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Classical mechanics thought experiment:

  • We throw a ball upwards with a velocity of $10~m/s$ we know that the ball will fall on ground in 2 seconds.
  • We throw another ball now with a velocity of $~10\sqrt{2}~ m/s$ at an angle of 45 degrees, we know that this ball will too fall on the ground in 2 seconds.
  • We know that this happens because the vertical component of the velocity controls for how long will the ball remain airborne and both the balls have the same vertical velocity.

Can this be applied in the following scenario too?

Simple relativity thought experiment:

  • An observer (observer A) is traveling a spaceship at half the speed of light, while another observer (observer B) is stationary on earth.
  • Both of you have photon clocks with photons bouncing between the sides of a cylinder, where each oscillation accounts for one second in its own frame of reference.
  • Now as observer A travels past earth, due to relative motion, we say that the distance traveled by the photon in clock is more, hence the time dilates to allow the speed of light to be constant.

My question:

  • In the thought experiment we say that the photon in the spaceship traveled a larger distance due to the inherent velocity of the spaceship it was in, relative to earth.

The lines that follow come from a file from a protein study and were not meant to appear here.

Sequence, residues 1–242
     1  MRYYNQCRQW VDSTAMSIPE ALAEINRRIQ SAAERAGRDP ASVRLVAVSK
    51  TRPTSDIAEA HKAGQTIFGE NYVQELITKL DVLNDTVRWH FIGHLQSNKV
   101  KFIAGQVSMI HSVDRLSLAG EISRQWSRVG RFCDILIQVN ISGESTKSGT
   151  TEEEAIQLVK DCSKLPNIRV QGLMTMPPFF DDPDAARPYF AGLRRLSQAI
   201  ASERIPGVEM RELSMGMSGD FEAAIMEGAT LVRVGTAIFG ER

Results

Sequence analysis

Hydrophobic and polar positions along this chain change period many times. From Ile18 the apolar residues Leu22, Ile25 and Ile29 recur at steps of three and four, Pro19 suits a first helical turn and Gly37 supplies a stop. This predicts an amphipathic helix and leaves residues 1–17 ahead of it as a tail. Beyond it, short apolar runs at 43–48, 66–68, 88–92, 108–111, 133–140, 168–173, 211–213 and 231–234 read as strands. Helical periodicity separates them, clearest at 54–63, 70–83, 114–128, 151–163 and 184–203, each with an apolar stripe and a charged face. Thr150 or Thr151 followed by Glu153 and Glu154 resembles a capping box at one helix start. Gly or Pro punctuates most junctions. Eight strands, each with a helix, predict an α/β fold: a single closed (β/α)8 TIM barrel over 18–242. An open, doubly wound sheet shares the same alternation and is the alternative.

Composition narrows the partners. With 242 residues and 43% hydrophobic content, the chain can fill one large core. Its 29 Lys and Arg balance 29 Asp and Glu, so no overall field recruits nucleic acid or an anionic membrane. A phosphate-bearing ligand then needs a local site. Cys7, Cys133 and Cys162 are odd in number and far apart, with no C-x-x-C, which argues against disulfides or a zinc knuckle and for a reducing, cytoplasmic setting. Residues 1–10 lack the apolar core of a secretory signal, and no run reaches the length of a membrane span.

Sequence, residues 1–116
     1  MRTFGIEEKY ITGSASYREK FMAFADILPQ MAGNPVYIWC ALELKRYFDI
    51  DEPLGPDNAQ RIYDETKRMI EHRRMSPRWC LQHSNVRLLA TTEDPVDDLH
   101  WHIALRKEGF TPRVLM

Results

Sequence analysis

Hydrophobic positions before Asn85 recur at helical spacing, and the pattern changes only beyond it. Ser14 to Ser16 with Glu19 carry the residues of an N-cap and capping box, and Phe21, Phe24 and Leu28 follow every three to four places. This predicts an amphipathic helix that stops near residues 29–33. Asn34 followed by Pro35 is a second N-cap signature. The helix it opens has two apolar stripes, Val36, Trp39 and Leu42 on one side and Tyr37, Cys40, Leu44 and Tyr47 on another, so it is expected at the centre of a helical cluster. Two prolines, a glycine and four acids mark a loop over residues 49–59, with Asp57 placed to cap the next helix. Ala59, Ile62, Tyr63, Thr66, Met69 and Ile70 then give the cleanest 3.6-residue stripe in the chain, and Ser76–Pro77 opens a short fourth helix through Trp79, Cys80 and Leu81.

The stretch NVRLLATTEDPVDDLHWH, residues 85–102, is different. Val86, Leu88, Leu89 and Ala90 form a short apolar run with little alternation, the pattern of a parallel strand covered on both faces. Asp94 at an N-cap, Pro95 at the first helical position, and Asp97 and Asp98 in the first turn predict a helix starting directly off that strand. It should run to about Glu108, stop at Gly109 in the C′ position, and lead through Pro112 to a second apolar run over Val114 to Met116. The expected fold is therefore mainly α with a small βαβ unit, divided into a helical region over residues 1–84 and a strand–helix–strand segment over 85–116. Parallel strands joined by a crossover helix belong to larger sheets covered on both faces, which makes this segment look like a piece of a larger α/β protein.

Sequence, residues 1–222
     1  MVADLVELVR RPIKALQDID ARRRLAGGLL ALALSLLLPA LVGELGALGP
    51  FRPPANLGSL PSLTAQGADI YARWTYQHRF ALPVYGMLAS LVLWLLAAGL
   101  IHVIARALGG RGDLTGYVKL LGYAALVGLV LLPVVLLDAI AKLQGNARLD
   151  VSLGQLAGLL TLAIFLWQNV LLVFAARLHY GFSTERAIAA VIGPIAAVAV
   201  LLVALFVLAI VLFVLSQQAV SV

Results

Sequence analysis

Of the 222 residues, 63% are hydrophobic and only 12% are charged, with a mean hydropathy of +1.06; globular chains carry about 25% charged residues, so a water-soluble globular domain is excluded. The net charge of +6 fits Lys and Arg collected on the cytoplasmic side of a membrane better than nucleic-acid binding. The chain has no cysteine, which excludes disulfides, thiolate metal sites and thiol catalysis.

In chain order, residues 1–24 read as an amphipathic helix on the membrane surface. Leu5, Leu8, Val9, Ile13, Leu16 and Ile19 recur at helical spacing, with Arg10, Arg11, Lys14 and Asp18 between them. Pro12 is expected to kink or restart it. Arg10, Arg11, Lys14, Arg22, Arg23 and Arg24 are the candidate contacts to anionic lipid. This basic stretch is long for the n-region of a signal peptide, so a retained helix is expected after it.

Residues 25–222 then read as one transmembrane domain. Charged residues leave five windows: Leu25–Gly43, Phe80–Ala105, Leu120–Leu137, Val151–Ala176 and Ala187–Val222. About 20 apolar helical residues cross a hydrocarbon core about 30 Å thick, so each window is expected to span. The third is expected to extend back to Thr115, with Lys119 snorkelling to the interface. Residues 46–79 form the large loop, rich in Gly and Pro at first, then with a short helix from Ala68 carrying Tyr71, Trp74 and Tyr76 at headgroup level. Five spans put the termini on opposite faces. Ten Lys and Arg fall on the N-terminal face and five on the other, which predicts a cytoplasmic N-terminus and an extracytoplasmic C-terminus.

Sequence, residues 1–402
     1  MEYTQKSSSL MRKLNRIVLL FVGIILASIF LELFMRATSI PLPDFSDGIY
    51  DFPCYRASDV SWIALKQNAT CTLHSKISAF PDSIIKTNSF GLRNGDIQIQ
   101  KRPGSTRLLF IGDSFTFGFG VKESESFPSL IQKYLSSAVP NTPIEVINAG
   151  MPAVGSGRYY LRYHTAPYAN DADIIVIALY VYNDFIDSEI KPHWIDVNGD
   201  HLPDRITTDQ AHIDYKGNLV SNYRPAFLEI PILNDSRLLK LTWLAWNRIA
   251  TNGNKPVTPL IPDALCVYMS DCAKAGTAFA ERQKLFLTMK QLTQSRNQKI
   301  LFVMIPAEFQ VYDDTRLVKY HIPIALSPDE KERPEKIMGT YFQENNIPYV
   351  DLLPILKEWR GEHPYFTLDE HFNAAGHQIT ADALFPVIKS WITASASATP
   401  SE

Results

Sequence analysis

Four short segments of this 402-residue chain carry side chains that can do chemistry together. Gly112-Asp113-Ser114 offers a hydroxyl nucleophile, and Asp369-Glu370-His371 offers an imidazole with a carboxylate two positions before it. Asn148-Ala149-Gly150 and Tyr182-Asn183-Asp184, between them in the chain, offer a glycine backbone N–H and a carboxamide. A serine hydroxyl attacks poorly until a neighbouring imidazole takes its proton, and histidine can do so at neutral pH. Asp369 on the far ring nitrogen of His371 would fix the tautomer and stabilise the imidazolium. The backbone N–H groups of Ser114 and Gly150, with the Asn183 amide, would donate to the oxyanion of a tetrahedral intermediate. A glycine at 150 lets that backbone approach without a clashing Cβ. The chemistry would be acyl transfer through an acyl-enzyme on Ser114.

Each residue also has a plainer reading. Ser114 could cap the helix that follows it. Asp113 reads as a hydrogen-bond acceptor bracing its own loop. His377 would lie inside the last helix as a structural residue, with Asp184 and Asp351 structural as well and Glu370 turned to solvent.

• But shouldn't the duration the photon takes to travel between the ends of the clock (flat mirrors) must be affected only by the velocity it has in THAT direction.
  • If we break the velocity of the photon in space (relative to earth) into velocities mutually perpendicular components of the net velocity vector, we would observe that the time the photon takes to move between the two ends of the clock are affected only by the component in that direction.
  • Since the photon in both the clocks have the same velocity and travel the same distance (vertically between) how do they differ?

I am familiar with Einstein-velocity addition for one dimension: $u = \frac{v + u^{\prime}}{1 + \frac{vu^{\prime}}{c^2}}$ but couldn't find anything for two dimensions. For context I am studying classical mechanicn in school and have no knowledge about relativity except what I learnt from the internet.

Thanks!!

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But shouldn't the duration the photon takes to travel between the ends of the clock (flat mirrors) must be affected only by the velocity it has in THAT direction.

Yes correct. This photon is a clock hand that moves inside a clock. The clock hand moves in "that direction", which we call the y-direction, at speed:

$$ v_y = \sqrt {c^2-v_x^2 } $$

Or, if the photon is shot at angle $ \alpha $ then

$$v_y = c * sin \alpha$$ $$v_x = c * cos \alpha$$

,where y-direction is "that direction" and x-direction is the other direction.

Shoot a photon straight up. Now you have a clock that moves at speed zero, and a clock hand that moves inside the clock at speed c.

Shoot a photon at 45 degree angle. Now you have a clock that moves at speed 0.70 c, and a clock hand that moves at speed 0.70 c inside the clock.

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  • $\begingroup$ oh right, yeah i think i got it. thanks!! $\endgroup$ Feb 6, 2021 at 0:35

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